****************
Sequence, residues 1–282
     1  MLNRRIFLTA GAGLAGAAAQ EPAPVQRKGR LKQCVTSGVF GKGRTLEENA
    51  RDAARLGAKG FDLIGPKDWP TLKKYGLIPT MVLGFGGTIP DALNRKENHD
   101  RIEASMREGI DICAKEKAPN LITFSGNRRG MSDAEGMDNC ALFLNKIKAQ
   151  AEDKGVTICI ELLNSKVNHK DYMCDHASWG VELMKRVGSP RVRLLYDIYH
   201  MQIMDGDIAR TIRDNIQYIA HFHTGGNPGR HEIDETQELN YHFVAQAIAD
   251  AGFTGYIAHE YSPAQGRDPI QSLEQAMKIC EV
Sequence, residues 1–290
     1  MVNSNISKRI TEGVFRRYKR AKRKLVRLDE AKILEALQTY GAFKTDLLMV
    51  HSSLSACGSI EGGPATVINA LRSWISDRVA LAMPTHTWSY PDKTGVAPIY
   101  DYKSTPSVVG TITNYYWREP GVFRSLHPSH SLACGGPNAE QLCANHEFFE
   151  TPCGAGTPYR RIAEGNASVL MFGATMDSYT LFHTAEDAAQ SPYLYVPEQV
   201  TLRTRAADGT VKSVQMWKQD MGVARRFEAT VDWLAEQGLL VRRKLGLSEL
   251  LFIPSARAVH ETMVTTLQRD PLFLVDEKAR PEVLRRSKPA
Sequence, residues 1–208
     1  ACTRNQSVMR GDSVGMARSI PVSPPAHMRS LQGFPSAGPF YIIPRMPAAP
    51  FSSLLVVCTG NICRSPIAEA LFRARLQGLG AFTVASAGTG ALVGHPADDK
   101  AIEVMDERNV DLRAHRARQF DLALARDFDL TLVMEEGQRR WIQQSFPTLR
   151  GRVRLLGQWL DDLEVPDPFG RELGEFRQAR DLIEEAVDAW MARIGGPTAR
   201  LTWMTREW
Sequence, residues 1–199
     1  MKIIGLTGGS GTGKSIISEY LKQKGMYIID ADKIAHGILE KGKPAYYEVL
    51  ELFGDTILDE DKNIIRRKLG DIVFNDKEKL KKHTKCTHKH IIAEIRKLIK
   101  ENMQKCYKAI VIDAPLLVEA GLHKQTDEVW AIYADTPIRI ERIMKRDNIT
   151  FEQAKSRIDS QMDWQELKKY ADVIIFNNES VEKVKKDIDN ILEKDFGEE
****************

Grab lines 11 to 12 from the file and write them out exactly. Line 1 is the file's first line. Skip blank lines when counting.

   101  DYKSTPSVVG TITNYYWREP GVFRSLHPSH SLACGGPNAE QLCANHEFFE
   151  TPCGAGTPYR RIAEGNASVL MFGATMDSYT LFHTAEDAAQ SPYLYVPEQV